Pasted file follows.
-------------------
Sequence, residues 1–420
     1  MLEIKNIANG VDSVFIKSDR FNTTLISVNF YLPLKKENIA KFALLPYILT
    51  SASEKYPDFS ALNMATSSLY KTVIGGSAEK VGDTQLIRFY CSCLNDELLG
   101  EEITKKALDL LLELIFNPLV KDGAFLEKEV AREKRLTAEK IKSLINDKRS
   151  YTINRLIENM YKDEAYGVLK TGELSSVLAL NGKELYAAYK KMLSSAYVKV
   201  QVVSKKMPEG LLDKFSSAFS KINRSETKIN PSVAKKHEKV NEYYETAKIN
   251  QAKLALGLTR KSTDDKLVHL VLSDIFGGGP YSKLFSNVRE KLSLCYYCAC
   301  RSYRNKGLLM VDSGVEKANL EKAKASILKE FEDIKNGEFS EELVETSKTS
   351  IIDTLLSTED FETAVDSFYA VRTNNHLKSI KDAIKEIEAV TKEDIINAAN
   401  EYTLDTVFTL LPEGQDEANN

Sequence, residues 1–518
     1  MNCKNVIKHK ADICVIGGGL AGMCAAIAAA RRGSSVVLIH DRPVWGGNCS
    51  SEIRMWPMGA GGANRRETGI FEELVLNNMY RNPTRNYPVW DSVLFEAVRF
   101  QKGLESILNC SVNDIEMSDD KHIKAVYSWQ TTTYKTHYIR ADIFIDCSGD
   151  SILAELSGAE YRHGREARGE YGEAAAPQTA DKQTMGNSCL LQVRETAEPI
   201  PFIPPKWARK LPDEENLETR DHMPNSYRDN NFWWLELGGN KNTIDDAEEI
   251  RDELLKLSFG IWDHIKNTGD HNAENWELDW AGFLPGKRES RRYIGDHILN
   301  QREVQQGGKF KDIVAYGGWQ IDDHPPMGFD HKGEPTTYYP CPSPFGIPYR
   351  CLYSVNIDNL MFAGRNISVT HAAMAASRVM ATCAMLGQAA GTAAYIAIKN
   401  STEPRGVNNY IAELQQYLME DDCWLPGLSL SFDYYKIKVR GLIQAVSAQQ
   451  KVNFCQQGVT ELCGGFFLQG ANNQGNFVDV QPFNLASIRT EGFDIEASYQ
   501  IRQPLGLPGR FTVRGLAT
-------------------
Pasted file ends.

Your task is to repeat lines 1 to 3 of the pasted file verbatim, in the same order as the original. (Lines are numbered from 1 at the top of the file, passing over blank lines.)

Sequence, residues 1–420
     1  MLEIKNIANG VDSVFIKSDR FNTTLISVNF YLPLKKENIA KFALLPYILT
    51  SASEKYPDFS ALNMATSSLY KTVIGGSAEK VGDTQLIRFY CSCLNDELLG